Descriptions of Conrad Black in news stories about his arrest, conviction, subsequent time served in jail, and now his bail hearing, often liken him to some sort of greasy mammal, who has “wriggled free” after “swindling” the public out of $6 million.
News of Black’s bail-granting in Chicago broke on Monday, overshadowing the results of another bail hearing, which took place in Toronto and which was generally overlooked by large media outlets. Byron Sonne, who was arrested on June 22, three days before the beginning of the G8/G20 Summits, faces charges of mischief and possession of explosives, among others, and was denied bail on Tuesday. Due to a publication ban, the reason for the denial of bail can’t be mentioned here.
Sonne’s arrest preceded a number of other preemptive arrests that took place before the G20; that police shakedown targeted community organizers. Some of those organizers were dragged out of their homes in the middle of the night, or snatched from street corners by plainclothes cops and thrown into unmarked vans in broad daylight. They were held in maximum security prisons until their bail hearings, which began on July 6th and continue today, and many of them are facing serious conspiracy charges.
Conspiracy charges are slippery things. It seems as though they should be both extremely easy to prove and extremely hard to prove: one doesn’t have to do the thing they’ve agreed to do, as long as they’ve talked about doing it, they can be found guilty of conspiracy. A quick review of Canadian Criminal Law 101 indicates that past rulings ultimately rested upon the efficacy of the arguments presented by the lawyers, and the legal knowledge and general whim of the presiding judges.
At the maximum security prison where the community organizers were being held before their hearings (and where two currently remain), there was little available to read, nothing much to do, and visits were limited to twice a week. Sometimes the phones, which allowed them to speak to their visitors on the other side of three-inch thick plexiglass, were broken, and there was nothing they could do but stare at each other until their time was up. In his minimum security prison, Conrad Black, (stealer of six million real dollars, friend and business partner of weasels and turncoats) was able to roam the grounds freely, read a wide array of periodicals and books, or listen to the radio on headphones during recreation time. He penned articles and gave interviews, all with the air of indignation that one would expect of a hardened Lord doing soft time.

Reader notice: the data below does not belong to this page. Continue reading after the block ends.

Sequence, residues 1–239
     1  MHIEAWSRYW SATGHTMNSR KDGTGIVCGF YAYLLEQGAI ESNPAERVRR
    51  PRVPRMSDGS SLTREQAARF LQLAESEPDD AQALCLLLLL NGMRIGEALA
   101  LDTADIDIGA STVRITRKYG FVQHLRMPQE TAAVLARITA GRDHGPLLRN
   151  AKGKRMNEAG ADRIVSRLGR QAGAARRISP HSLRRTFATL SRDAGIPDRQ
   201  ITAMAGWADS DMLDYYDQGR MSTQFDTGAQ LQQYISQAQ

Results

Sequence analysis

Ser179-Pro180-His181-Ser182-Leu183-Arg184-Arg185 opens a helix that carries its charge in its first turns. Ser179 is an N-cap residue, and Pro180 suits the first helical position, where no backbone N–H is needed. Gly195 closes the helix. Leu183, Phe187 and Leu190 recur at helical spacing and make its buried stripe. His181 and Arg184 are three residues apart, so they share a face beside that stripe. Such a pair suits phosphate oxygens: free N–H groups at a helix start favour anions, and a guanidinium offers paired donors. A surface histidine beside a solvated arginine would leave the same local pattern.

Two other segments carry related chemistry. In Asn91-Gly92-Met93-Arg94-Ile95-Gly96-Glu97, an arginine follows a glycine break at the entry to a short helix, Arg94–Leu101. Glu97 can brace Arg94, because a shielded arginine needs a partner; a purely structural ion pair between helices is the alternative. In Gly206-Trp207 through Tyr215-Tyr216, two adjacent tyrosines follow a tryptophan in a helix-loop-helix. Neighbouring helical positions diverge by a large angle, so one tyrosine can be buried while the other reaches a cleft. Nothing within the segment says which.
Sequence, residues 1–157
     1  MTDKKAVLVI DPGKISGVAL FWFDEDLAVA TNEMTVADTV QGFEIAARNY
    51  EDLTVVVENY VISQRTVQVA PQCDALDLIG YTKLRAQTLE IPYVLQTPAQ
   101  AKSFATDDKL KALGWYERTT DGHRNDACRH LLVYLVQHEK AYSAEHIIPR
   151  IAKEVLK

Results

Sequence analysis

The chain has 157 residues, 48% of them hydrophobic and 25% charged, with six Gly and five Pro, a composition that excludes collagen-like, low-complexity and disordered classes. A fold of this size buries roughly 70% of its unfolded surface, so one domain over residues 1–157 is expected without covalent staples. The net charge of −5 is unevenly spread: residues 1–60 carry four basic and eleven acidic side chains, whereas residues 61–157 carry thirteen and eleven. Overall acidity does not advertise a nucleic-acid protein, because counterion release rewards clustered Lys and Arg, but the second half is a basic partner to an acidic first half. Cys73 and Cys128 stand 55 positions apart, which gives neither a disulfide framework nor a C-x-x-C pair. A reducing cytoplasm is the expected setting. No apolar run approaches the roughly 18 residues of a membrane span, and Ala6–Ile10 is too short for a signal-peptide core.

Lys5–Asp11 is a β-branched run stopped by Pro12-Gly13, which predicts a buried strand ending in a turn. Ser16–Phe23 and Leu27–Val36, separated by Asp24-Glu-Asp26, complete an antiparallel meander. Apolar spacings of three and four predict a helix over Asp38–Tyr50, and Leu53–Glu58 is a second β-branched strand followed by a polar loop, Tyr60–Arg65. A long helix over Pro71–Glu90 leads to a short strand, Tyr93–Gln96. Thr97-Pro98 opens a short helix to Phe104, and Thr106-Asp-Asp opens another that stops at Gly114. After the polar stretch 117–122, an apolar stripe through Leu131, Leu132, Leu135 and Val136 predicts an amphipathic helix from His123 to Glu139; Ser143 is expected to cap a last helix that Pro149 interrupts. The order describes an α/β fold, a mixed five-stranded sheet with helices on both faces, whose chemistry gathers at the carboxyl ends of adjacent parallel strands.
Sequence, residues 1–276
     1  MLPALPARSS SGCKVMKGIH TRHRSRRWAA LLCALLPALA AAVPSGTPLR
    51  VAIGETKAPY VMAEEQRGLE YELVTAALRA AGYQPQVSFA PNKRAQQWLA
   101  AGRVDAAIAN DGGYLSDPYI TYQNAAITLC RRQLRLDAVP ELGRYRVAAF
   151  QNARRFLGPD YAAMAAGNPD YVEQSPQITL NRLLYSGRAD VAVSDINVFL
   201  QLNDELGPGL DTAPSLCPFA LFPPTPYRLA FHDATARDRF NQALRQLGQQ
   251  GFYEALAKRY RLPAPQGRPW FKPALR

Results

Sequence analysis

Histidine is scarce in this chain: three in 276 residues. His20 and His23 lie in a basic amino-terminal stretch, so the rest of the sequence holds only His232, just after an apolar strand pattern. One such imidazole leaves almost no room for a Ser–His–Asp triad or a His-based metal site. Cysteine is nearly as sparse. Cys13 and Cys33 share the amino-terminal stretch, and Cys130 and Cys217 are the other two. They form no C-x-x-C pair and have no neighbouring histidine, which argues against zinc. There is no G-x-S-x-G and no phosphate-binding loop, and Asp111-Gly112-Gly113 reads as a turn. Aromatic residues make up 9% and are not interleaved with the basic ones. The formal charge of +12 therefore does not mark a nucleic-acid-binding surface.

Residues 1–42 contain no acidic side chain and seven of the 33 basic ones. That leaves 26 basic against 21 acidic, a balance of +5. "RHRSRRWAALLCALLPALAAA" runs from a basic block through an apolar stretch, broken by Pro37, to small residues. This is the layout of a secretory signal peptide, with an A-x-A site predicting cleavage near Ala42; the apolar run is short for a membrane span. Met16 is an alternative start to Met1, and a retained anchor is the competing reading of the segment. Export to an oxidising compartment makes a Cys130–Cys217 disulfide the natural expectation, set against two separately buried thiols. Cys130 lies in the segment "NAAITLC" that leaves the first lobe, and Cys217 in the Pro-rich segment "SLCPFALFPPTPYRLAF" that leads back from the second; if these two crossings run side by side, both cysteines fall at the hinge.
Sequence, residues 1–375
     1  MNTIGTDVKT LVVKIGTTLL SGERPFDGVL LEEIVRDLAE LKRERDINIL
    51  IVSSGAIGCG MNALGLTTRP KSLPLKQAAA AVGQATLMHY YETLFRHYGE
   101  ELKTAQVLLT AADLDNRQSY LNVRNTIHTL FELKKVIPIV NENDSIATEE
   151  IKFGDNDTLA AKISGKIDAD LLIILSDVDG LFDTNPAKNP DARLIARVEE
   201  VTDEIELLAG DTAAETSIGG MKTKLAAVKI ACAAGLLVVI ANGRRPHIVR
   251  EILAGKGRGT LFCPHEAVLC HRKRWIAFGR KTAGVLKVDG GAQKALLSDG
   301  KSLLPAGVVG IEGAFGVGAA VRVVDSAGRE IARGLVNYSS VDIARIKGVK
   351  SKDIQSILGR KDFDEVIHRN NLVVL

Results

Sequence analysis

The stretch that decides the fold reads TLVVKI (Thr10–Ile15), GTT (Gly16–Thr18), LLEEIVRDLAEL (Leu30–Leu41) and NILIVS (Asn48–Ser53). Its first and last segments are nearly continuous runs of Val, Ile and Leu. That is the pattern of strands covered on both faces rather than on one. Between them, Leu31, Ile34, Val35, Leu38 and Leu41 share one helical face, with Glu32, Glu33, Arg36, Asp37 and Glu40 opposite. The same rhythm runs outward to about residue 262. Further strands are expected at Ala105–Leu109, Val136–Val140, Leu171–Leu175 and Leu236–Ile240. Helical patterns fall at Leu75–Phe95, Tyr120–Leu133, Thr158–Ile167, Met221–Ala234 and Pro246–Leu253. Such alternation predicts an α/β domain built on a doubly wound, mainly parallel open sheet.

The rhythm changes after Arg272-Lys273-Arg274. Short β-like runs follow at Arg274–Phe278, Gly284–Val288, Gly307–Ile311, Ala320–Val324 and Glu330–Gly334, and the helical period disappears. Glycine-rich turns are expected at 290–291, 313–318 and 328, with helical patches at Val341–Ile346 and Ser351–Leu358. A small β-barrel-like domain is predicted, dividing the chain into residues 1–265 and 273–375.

The bail conditions on the “G17”, as some media outlets are calling them, are essentially designed to keep them separated from their communities and punish them for exercising their political right to protest. There’s something perverse about Conrad Black—actually convicted of a crime in a court of law—returning to his $32 million Palm Beach estate, while a G20 protester—innocent until proven guilty, not yet tried in court, and held on the basis of secret evidence—is denied bail and kept behind bars.